EVIAN, France – Tokyo breathed a sigh of relief Tuesday as the leaders of the Group of Eight nations urged North Korea to resolve the issue of Japanese nationals abducted by Pyongyang agents.
“We support the efforts made by the different parties to seek by peaceful means a comprehensive solution to the North Korean issue and to other matters, including unresolved humanitarian problems such as the abductions,” the G8 leaders said in a chairman’s statement wrapping up their annual meeting.
This is the first time for the G8 leaders to mention the abduction issue clearly in any of their statements.
The G8 nations — Britain, Canada, France, Germany, Italy, Japan, the United States and Russia — concluded their three-day gathering in this French spa resort with a one-hour morning session to adopt the statement.
The final session was held in the absence of U.S. President George W. Bush, who left France for the Middle East on Monday.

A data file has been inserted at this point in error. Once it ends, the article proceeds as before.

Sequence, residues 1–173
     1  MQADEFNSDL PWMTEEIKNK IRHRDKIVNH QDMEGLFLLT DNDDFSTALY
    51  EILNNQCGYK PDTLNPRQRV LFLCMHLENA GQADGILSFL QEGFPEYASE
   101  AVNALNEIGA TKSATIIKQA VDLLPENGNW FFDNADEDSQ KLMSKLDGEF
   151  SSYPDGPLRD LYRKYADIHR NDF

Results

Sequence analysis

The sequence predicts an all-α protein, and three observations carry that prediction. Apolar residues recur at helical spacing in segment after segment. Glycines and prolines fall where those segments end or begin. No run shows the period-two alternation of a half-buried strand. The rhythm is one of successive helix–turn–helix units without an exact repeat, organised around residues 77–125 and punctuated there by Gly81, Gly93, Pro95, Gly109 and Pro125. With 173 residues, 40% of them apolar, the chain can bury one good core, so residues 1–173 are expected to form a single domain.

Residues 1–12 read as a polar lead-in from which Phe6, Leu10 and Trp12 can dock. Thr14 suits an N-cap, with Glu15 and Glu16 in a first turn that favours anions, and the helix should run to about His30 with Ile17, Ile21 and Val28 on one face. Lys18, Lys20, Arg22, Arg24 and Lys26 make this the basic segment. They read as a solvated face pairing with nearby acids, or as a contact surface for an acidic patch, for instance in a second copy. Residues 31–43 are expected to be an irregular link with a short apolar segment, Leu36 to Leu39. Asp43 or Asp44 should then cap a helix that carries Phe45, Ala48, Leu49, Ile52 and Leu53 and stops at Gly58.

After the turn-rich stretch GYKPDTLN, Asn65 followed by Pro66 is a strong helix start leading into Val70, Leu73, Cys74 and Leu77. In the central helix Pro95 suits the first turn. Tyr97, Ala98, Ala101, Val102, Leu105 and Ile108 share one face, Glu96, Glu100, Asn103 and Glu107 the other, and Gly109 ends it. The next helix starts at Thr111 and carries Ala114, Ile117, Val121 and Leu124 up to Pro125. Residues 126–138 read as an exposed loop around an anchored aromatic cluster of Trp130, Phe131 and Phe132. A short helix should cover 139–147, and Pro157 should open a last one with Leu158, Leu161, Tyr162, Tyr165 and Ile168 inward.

Also on Monday, Prime Minister Junichiro Koizumi said in a working session that Japan is seeking a peaceful and comprehensive solution to the North Korean nuclear problem and the abduction issue.
He later told reporters that he raised the abduction issue at a dinner session.
Many leaders “responded that they cannot understand why (North Korea) did such a thing,” Koizumi said.
In one of 13 documents adopted Monday by the G8 leaders, the leaders strongly urged North Korea “to visibly, verifiably and irreversibly dismantle any nuclear weapons programs.”
Other documents place emphasis on measures to help developing countries combat terrorism and international cooperation aimed at eradicating severe acute respiratory syndrome.
In an action plan on water issues, the G8 leaders pledged stepped-up efforts to help secure a safe supply of water for developing countries.
On Sunday, the first day of the summit, the leaders met with 12 leaders from developing nations, including Chinese President Hu Jintao.
Hu called for the establishment of a new economic order aimed at narrowing the disparities between the North and the South.
This year’s summit was aimed to some extent at repairing ties between the U.S. and some of its European allies. Relations were soured by discord over the Iraq war.
Next year’s summit will be held in the U.S.
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